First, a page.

ATP and Purinergic Receptors

Purinergic receptors are activated by purine molecules, and the two main families are P2Y and P2X receptors. P2Y are G protein-coupled receptors composed of 8 different subunits, whereas P2XR are from the ligand gated ion channel (LGIC) family and 7 different subunits have been described in mammals (Burnstock, 2006; Kaczmarek-Hájek et al., 2012; Khakh and North, 2012). When P2XR are activated by ATP, they allow the passage of cations and have a high Ca2+ permeability (Khakh and North, 2012). To see a more extensive review on P2XR and their role in neurological disorders see Sáez-Orellana et al. (2015). ATP has been described to play an important role in inflammation because it is present in the extracellular environment in inflammatory processes where purinergic receptors can be activated (Molz et al., 2015). ATP can be released through traumatic processes such as necrosis and also by controlled release through other mechanisms like hemichannels (Idzko et al., 2014) and co-secretion with neurotransmitters like catecholamine (Gandía et al., 1987; Xu et al., 1991; Estévez-Herrera et al., 2016). Once in the extracellular milieu, ATP can activate P2 receptors and subsequent activation of several different signaling cascades. The upregulation of some P2XR, such as P2X7, have been reported on immune cells, where several evidence demonstrate their involvement in different inflammation processes (Burnstock, 2016). In this cell type ATP triggers the release of inflammatory mediators as cytokines and prostaglandin E2 (PGE2) (Burnstock, 2016). P2X7 appears to be the most important P2XR on inflammation, this receptor is expressed on immune cells such as mast cells, neutrophils, macrophages and microglia, where it has a proinflammatory role, by causing the inflammasome assembly and secretion of IL1β (Idzko et al., 2014; Karmakar et al., 2016). In this review, we discuss in more depth the role of some ionotropic purinergic receptors (P2XR) in the Aβ peptide related toxicity and Alzheimer’s disease, a neurodegenerative disorder where inflammation is a central mechanism.

Alzheimer’s Disease and Purinergic Ionotropic Receptors

P2X7 and Inflammation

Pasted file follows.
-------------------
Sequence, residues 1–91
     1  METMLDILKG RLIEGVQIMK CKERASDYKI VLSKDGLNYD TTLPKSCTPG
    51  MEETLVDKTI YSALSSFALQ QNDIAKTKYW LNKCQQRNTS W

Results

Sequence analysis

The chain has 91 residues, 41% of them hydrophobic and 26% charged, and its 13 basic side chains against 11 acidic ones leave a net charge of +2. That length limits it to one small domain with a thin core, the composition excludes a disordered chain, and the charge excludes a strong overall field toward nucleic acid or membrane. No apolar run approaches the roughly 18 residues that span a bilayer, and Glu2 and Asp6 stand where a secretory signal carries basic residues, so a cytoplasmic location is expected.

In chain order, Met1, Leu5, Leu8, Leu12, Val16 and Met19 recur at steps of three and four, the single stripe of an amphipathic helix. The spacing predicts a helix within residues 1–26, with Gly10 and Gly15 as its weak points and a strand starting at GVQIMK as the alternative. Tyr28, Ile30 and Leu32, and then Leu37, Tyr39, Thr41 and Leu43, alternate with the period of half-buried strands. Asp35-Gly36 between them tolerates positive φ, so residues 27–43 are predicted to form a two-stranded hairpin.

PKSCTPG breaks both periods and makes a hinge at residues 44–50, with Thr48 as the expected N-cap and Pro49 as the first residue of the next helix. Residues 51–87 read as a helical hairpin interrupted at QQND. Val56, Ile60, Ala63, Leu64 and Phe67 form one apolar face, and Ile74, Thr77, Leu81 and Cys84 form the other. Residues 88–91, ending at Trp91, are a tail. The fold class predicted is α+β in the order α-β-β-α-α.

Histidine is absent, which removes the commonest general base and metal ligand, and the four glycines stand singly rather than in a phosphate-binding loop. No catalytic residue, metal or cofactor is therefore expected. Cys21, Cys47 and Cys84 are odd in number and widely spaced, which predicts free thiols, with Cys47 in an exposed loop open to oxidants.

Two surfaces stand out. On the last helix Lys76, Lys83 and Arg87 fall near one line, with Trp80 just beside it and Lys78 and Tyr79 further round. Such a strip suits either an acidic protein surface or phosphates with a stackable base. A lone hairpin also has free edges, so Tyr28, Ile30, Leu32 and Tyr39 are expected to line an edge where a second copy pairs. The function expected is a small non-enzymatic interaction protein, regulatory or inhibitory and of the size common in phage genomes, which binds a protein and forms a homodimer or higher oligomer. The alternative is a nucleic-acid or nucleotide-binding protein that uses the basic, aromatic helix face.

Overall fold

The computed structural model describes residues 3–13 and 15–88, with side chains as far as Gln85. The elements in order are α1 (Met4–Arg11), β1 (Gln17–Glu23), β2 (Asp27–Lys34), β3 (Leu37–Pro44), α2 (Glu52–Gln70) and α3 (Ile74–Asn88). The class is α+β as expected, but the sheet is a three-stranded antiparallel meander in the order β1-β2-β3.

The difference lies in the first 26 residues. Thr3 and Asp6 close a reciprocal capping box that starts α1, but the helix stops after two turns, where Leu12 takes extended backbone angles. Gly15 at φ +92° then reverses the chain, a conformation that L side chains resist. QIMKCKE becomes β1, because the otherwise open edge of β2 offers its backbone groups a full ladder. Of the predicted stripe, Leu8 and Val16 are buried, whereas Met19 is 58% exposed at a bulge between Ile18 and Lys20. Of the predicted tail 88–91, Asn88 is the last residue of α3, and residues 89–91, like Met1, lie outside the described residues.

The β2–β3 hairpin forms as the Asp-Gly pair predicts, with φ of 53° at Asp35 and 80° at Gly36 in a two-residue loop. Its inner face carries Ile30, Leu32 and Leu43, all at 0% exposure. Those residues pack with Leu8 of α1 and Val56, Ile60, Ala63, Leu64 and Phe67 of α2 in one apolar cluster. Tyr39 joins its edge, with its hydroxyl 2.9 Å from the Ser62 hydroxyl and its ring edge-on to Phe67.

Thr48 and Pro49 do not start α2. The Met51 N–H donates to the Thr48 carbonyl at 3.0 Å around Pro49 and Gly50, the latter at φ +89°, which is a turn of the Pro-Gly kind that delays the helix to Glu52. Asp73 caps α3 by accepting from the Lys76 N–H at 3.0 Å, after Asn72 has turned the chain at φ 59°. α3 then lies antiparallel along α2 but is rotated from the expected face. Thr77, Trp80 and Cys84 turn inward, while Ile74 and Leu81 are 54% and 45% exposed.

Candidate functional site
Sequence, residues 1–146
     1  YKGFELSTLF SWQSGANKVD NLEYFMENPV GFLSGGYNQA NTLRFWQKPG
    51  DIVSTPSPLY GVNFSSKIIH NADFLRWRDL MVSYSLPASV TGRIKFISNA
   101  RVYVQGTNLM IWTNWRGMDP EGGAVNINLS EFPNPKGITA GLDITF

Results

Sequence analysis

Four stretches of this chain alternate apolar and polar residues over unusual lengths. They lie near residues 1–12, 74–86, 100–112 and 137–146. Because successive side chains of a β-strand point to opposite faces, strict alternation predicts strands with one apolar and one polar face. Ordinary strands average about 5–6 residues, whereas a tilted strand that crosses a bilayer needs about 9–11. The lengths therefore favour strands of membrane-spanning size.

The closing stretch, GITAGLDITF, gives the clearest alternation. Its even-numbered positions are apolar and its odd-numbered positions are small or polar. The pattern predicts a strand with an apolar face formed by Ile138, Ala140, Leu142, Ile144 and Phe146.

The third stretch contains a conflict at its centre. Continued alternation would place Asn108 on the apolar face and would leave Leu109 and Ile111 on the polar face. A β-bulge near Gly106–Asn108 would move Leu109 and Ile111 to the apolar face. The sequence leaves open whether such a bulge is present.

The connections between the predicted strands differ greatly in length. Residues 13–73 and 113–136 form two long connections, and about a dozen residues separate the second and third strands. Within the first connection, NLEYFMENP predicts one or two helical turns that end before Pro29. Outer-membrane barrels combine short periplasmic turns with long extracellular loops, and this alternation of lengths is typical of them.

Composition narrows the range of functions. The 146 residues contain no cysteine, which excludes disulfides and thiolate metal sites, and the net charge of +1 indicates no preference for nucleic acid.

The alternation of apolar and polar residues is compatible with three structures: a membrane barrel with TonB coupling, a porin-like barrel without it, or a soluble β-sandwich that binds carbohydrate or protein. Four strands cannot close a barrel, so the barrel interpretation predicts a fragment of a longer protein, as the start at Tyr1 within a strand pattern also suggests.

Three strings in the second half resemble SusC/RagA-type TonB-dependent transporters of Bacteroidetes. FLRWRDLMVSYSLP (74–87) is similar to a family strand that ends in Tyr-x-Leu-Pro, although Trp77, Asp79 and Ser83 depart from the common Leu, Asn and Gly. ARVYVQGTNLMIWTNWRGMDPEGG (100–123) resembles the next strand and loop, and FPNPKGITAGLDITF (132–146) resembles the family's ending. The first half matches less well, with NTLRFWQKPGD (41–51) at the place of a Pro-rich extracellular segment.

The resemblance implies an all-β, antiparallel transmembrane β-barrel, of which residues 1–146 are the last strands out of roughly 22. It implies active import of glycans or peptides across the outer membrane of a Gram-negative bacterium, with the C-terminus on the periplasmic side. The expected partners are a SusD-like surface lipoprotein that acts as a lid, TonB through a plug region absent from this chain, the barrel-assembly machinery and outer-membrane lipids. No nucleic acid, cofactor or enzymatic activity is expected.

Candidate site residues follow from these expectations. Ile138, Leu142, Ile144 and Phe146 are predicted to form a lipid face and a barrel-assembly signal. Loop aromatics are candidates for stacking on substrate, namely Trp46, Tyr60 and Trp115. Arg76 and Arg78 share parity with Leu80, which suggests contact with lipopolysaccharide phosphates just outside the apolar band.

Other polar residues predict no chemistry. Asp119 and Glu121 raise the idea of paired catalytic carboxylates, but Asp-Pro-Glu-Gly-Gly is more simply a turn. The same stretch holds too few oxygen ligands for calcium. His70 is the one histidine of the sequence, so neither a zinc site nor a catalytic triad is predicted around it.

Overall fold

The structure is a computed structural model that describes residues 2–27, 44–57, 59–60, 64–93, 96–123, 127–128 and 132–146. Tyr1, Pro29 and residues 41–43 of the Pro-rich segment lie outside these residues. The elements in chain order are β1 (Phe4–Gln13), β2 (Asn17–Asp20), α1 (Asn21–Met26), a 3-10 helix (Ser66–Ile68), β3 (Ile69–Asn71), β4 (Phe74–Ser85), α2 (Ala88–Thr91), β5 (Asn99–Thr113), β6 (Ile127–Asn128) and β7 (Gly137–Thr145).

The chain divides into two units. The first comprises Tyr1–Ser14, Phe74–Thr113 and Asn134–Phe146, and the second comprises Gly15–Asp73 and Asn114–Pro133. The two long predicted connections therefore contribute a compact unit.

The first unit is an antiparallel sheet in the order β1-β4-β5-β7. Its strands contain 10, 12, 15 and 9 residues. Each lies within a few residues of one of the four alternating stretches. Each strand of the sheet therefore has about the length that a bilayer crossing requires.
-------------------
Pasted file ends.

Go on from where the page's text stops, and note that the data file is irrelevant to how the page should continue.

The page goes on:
The P2X7 coding sequence was obtained from brain and peripheral ganglion, and later it was described that this purinergic receptor is expressed in microglia and ependymal cells from the central nervous system (CNS) (Collo et al., 1997). High concentrations of ATP (in the low millimolar range) are needed to activate P2X7R (EC50 100 µM for the rat receptor) (Khakh and North, 2012; Di Virgilio et al., 2018). It has been widely described that the P2X7 purinergic receptor participates in different inflammatory processes (Di Virgilio et al., 2017), and therefore, could play a key role in chronic inflammation and neuropathic pain. Indeed, a study done in P2X7 knockout (KO) mice found that these animals did not present inflammation or neuropathic pain (Chessell et al., 2005). This purinergic receptor has been found in all immune cells and is upregulated in inflammatory processes; and it has also been related to most neurodegenerative diseases (Di Virgilio et al., 2018). Therefore, the most studied P2XR in the context of AD is P2X7, and some light has been shed on its possible participation in the pathogenesis mechanism of this neurodegenerative disorder. A study using Tg2567 transgenic mice that overexpress APP with the Swedish mutation found an overexpression of P2X7 in 24 month old mice when compared to age match controls, with most of the staining surrounding amyloid plaques (Parvathenani et al., 2003). Furthermore, it has been described the overexpression of P2X7 in microglia and astrocytes from patients with AD (McLarnon et al., 2006; Martin et al., 2019). It has also been found that this receptor was overexpressed in cultured fetal human microglia exposed to Aβ, and that the cells treated with the peptide elicited a larger calcium influx by the agonist BzATP, which suggests a functional overexpression of this purinergic receptor. The same overexpression was observed in hippocampus from rats injected with Aβ, where the immunostaining was associated mainly with microglia (McLarnon et al., 2006). Results from another study showed that Aβ induced ROS production in a primary microglia culture that was mediated by the increment in intracellular calcium through P2X7R activation by extracellular ATP (Kim et al., 2007). Other studies demonstrated that microglia cells lacking P2X7R did not show an increment in intracellular calcium and ATP release after exposure to Aβ, but wild type cells expressing P2X7 did (Sanz et al., 2009). Furthermore, the use of oATP (a P2XR blocker) in wild type cells also inhibited the ATP release after Aβ exposure (Sanz et al., 2009). Finally, it was found that Aβ induced the release of IL-1β from a primary microglia culture and this effect was blocked by apyrase, while microglia from a KO mouse for P2X7 did not release IL-1β after Aβ exposure (Sanz et al., 2009). Also, intrahippocampal injection of Aβ in mice produced an accumulation of IL-1β, but in P2X7 KO mice the release of this cytokine was significantly lower (Sanz et al., 2009). Microglia not only release inflammatory cytokines, they also phagocytize the Aβ peptide. It has been described that silencing of P2X7 or the use of Brilliant Blue G (BBG), a non-competitive antagonist of P2X7 with a nanomolar affinity, and over 1,000-fold more potent than at P2X4 (Jiang et al., 2000), on microglia cells not only inhibited the release of pro-inflammatory cytokines such as IL-1β and TNF-α, but also increased Aβ phagocytosis by these cells (Ni et al., 2013). The results from this work suggested that the increment in IL-1β mediated by the activation of P2X7 produced an impairment in Aβ phagocytosis. Moreover, the administration of BBG to mice injected intrahippocampally with Aβ showed an improvement in cognitive and spatial learning function (Fan et al., 2014). This same study observed that BBG prevented the reduction in dendritic filopodia and density of spines induced by Aβ in hippocampal primary cultures (Fan et al., 2014). Recently, a more in-depth study of P2X7 expression was performed in a transgenic mouse model produced by breeding the J20AD mouse model (which overexpresses APP with the Swedish and Indiana mutations) and P2X7REGFP reporter mice, which expresses this fluorescent protein under the control of the P2X7 promoter (Martinez-Frailes et al., 2019). In this model, they observed that in advanced stages of the disease, once microgliosis could be detected, the expression of P2X7 increased in microglial cells, and the number of microglial cells that expressed P2X7 also increased and were mainly localized on senile plaques. The data suggested that this effect was caused by the neuroinflammation produced in these mice, and that ATP could act as a chemotaxis signal for microglial cells through the activation of P2X7, which lead the microglial cells to the senile plaques. Interestingly, they also found that P2X7R activation reduced the phagocytic capacity of these cells (Martinez-Frailes et al., 2019). Recently, it has been described that in the APPPS1 transgenic mice P2X7R deficiency reduces the cognitive impairment and the number of Aβ plaques and soluble species, although they did not observed significantly differences in the Aβ phagocytosis and the activation state of microglia (Martin et al., 2019). Despite the fact that they did not observe changes in the expression of cytokines, such as IL-1β and TNFα, they demonstrated that APPPS1 mice deficient for P2X7 present lower cerebral levels of chemokines (CCL3, CCL4, and CCL5) than in the APPPS1 transgenic mice (Martin et al., 2019), together with this they observed a reduced CD8+ T cell recruitment in the choroid plexus and hippocampus. Therefore, P2X7 appears to be involved in the chemokine production and T cell recruitment induced by Aβ in the APPPS1 transgenic mice (Martin et al., 2019).